Overview

Quassia is a plant. The wood and sometimes the leaf are used as medicine.

People use quassia for stomach and intestinal problems, diabetes, lice, skin conditions, and many other conditions, but there is no good scientific evidence to support most uses.

In manufacturing, quassia is used to flavor foods, beverages, lozenges, and laxatives. The bark and wood have been used as an insecticide.

How does it work ?

Quassia contains chemicals that might prevent the parasite that causes malaria from growing and kill the mosquito larvae. These chemicals might also increase stomach acid and bile secretions, perhaps accounting for appetite stimulant and digestive effects.

Uses & Effectiveness ?

Insufficient Evidence for

  • Lice. Early research suggests that a single application of quassia tincture can kill head lice. But the lice might come back. Some research shows that two applications within one week might be more effective than a single application.
  • A skin condition that causes redness on the face (rosacea). Applying a gel containing quassia to the skin might reduce redness and flushing in people with rosacea. But higher quality research is needed to confirm.
  • Rough, scaly skin on the scalp and face (seborrheic dermatitis). Applying a gel containing quassia to the skin might help clear up seborrheic dermatitis in some people. But higher quality research is needed to confirm.
  • Diabetes.
  • Appetite loss.
  • Indigestion.
  • Constipation.
  • Fever.
  • Intestinal worms.
  • Other conditions.
More evidence is needed to rate the effectiveness of quassia for these uses.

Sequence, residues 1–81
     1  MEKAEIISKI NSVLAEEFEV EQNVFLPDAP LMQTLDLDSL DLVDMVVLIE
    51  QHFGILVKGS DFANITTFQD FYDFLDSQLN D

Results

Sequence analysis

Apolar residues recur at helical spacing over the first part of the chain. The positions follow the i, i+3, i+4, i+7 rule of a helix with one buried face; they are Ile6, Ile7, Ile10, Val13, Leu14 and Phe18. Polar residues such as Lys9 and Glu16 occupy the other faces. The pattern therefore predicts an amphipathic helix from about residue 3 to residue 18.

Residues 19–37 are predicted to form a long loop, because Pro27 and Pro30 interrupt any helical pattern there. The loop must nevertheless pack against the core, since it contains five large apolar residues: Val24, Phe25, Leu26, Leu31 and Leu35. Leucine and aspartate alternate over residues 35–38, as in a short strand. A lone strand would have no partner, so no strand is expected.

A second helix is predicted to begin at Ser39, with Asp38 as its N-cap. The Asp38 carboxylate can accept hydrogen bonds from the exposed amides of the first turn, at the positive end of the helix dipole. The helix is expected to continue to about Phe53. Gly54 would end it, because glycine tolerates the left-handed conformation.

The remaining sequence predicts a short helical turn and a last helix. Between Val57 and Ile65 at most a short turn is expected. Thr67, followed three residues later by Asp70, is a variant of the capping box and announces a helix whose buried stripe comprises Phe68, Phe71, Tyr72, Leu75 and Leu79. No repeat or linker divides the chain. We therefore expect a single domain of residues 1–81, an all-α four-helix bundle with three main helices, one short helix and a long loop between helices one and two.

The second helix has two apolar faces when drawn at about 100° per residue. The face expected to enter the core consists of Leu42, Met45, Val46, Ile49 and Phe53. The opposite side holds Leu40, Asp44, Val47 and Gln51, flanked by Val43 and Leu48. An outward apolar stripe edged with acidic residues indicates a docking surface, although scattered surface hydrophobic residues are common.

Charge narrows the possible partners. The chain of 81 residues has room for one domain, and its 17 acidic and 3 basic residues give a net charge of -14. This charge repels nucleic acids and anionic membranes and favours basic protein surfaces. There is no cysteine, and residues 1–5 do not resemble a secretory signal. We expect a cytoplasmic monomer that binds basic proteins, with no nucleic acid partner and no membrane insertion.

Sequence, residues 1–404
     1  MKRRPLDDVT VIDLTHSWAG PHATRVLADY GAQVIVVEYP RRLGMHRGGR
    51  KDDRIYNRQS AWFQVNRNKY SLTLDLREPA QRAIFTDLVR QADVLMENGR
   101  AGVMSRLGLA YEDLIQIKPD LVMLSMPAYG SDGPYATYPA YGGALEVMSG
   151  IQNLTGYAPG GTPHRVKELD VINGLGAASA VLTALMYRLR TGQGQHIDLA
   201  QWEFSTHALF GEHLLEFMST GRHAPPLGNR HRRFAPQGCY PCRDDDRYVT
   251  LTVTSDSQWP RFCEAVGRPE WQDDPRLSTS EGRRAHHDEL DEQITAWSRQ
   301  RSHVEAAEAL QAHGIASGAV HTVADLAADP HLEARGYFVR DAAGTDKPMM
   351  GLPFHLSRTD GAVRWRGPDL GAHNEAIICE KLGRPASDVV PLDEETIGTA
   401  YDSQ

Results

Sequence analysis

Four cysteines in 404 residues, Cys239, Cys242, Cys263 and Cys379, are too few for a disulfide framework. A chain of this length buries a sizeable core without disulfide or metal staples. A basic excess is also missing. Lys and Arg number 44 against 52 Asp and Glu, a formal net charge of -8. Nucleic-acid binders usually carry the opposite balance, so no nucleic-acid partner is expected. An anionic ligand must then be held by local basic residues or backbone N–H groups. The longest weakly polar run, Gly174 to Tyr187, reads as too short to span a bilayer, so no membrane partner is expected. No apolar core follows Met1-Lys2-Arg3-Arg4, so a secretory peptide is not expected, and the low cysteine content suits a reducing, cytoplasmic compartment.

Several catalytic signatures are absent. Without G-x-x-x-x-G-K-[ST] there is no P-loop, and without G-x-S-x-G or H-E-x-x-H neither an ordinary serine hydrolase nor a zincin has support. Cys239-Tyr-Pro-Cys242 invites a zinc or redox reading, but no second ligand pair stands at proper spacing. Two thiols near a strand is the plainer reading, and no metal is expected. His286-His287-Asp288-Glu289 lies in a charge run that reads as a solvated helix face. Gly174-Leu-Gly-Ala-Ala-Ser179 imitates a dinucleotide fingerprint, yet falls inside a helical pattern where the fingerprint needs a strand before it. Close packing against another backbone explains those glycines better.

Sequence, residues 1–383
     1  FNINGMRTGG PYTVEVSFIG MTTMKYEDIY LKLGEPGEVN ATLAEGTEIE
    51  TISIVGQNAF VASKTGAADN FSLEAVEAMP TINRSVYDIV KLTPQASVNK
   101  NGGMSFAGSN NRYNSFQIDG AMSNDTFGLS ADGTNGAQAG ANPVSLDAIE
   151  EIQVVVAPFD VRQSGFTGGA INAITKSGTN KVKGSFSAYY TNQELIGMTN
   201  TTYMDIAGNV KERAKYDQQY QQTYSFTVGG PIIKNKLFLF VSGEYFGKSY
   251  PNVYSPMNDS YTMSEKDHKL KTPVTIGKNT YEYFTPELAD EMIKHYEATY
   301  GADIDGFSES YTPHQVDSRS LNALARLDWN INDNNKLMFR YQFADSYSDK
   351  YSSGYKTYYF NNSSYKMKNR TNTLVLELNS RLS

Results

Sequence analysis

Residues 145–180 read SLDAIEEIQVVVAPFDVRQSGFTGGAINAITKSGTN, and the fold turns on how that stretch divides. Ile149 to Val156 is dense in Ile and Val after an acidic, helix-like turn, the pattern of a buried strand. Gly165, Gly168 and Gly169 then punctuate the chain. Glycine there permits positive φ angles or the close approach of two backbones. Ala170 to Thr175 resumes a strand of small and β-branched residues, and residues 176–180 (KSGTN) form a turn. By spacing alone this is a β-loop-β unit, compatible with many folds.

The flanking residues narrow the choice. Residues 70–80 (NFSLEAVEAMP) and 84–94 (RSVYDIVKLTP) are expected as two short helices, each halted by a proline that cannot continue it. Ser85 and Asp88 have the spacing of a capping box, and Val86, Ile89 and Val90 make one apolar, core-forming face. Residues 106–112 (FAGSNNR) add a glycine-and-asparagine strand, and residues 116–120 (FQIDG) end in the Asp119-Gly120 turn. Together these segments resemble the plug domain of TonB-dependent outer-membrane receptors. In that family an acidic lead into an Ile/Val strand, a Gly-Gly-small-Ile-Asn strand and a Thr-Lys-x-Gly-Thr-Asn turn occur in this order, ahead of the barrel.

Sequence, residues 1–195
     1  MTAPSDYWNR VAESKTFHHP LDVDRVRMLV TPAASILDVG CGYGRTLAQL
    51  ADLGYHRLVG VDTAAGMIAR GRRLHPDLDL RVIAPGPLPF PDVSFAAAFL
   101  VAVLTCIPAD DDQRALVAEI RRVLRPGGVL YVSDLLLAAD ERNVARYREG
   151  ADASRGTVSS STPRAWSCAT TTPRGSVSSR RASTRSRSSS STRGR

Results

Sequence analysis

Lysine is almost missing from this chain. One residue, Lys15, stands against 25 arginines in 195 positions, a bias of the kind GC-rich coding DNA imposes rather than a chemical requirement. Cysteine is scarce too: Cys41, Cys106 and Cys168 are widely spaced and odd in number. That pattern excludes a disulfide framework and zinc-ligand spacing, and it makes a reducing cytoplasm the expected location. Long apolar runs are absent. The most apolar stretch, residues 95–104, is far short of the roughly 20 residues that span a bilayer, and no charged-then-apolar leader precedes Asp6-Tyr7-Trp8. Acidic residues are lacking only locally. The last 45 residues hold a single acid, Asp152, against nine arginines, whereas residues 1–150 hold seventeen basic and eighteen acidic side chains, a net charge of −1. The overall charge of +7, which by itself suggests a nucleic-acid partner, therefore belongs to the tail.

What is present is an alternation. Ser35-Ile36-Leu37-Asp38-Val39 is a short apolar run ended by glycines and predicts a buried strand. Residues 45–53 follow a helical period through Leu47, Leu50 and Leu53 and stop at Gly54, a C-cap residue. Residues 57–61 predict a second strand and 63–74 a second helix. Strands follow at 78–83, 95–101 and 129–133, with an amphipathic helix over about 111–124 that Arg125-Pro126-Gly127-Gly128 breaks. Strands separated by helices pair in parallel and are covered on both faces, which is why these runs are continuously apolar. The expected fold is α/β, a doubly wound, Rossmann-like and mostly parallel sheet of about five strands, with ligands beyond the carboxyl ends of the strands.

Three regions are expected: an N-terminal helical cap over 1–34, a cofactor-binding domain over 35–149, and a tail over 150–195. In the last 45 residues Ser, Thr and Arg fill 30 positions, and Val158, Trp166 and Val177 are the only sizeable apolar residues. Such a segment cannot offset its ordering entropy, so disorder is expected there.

Side Effects

When taken by mouth: Quassia is LIKELY SAFE when taken by mouth in food amounts. But quassia is POSSIBLY UNSAFE when taken by mouth as medicine. It can cause side effects such as irritation of the mouth, throat, and digestive tract along with nausea and vomiting. In very large doses, it could cause abnormal heart function. But most people throw up before they get a high enough dose to cause heart problems. Long-term use can cause vision changes and blindness.

When applied to the skin: Quassia is POSSIBLY SAFE when applied to the skin.

When given as an enema (rectally): There isn't enough reliable information to know if quassia is safe or what the side effects might be.

Special Precautions and Warnings

When taken by mouth: Quassia is LIKELY SAFE when taken by mouth in food amounts. But quassia is POSSIBLY UNSAFE when taken by mouth as medicine. It can cause side effects such as irritation of the mouth, throat, and digestive tract along with nausea and vomiting. In very large doses, it could cause abnormal heart function. But most people throw up before they get a high enough dose to cause heart problems. Long-term use can cause vision changes and blindness.

When applied to the skin: Quassia is POSSIBLY SAFE when applied to the skin.